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Mount Royal Granting Nursing Degrees

Athabasca University has successfully helped another college to begin delivering full degree programs. This week, the Honourable Doug Horner, Minister of Advanced Education and Technology for Alberta, announced that Mount Royal College has been granted the ability to award four year nursing degrees (1). Previously, Mount Royal did not have sufficient nursing courses approved by the Alberta Campus Quality Council, so students would typically finish off their program through Athabasca University.

Some worry about this move reducing the number of students AU will have, but it is expected that AU will be able to make up the difference, for the time being, in the conversion programs that enable RNs and LPNs attain their full four year degrees, allowing AU to concentrate on its core model of delivering top quality courses by distance.

That’s not to say that this announcement won’t cause some problems. As the deadline for enrolment for this program is in April, there is a concern that some students who have been enjoying the Athabasca model, which allows for part-time and distance study, may be left out in the cold if they are employed and unable to commit to a full-time in-class program. Athabasca University has dealt with this to some degree by ensuring that those who are in the AU program will be allowed to complete it. Unfortunately, for those students who may have been planning to enrol this year, it seems their time has run out.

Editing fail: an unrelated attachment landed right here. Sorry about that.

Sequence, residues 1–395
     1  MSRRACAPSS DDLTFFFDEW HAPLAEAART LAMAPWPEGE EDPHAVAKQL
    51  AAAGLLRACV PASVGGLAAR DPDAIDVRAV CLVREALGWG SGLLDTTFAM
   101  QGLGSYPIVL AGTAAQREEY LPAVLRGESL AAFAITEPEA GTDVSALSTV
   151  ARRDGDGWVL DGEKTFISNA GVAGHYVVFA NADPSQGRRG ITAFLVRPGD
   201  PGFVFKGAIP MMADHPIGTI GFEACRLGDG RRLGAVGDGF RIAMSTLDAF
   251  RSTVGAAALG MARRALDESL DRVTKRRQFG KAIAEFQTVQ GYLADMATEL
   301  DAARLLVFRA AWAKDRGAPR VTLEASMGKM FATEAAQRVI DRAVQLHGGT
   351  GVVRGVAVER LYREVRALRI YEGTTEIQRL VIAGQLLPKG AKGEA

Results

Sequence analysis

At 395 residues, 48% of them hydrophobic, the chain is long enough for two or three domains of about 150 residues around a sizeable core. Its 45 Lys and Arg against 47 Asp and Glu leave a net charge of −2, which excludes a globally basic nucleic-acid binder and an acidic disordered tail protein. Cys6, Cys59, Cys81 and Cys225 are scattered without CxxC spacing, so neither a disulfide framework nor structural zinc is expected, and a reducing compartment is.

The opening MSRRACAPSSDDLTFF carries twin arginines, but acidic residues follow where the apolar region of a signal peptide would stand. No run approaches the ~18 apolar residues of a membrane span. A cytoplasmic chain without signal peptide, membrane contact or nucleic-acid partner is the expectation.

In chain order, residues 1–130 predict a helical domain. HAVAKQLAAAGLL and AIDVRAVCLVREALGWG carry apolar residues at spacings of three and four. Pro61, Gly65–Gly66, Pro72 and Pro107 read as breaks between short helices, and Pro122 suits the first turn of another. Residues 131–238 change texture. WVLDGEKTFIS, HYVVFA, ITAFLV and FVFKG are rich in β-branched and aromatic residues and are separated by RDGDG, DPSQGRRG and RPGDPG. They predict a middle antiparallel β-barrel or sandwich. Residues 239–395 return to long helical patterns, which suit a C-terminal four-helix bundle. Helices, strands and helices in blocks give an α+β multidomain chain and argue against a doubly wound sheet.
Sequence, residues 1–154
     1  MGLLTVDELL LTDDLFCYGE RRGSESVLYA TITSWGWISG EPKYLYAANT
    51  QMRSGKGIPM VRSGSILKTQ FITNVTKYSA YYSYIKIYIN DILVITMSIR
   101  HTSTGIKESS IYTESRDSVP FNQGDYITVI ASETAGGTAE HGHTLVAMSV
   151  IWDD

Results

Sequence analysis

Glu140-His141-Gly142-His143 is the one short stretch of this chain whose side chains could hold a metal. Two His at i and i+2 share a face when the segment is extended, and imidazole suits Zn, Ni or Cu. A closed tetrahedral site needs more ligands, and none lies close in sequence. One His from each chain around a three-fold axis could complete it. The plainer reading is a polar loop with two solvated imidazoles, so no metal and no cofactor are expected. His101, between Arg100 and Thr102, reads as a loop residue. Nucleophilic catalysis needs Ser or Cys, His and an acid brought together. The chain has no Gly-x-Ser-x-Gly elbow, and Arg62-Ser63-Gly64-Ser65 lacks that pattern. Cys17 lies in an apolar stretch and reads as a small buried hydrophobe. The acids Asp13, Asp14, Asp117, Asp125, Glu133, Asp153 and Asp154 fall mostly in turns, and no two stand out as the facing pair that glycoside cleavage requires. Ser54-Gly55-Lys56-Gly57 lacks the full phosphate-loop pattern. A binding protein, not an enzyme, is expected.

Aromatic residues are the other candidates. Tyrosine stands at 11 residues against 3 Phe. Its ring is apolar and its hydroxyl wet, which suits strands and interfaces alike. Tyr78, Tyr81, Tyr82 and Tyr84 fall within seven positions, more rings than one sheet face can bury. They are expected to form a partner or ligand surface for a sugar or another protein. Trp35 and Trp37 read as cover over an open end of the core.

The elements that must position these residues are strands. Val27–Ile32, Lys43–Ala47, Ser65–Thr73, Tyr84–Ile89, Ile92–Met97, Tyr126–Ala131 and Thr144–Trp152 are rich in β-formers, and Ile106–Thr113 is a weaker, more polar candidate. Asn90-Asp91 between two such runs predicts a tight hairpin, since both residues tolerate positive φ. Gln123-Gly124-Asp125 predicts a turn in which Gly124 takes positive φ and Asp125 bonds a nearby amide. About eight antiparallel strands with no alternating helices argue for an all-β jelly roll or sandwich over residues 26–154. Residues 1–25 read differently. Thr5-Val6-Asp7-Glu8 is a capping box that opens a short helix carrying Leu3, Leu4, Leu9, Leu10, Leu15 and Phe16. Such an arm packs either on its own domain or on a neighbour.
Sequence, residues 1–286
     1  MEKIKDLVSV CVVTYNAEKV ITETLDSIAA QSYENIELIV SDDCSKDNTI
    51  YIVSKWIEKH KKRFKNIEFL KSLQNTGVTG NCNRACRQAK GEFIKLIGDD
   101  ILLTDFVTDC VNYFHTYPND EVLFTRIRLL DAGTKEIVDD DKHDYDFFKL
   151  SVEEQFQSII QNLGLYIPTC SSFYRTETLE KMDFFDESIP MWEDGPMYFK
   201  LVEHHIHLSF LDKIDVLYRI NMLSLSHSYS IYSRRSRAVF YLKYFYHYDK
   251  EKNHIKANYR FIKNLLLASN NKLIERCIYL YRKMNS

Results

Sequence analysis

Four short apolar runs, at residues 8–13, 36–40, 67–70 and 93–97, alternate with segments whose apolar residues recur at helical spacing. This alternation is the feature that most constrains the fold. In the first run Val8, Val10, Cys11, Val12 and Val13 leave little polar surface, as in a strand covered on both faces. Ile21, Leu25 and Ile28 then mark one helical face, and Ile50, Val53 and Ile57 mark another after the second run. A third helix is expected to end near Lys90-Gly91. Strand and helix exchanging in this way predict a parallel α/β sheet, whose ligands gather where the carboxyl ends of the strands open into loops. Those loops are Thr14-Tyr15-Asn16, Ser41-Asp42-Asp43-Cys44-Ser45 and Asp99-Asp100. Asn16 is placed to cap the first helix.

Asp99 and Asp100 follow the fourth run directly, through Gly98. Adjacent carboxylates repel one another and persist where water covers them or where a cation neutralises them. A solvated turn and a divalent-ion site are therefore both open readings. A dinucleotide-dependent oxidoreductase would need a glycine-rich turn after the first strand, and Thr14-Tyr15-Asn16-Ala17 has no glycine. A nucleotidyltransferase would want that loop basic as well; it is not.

The Alberta government is providing ten million dollars to Mount Royal College as a one-time payment for startup costs such as recruitment and initial program delivery (1). It hopes that this, along with a similar announcement for Grant Macewen College, will go a long way toward addressing the health-care professional shortage that Alberta is facing. It’s interesting, however, that the government did not simply expand the funding already available through Athabasca University.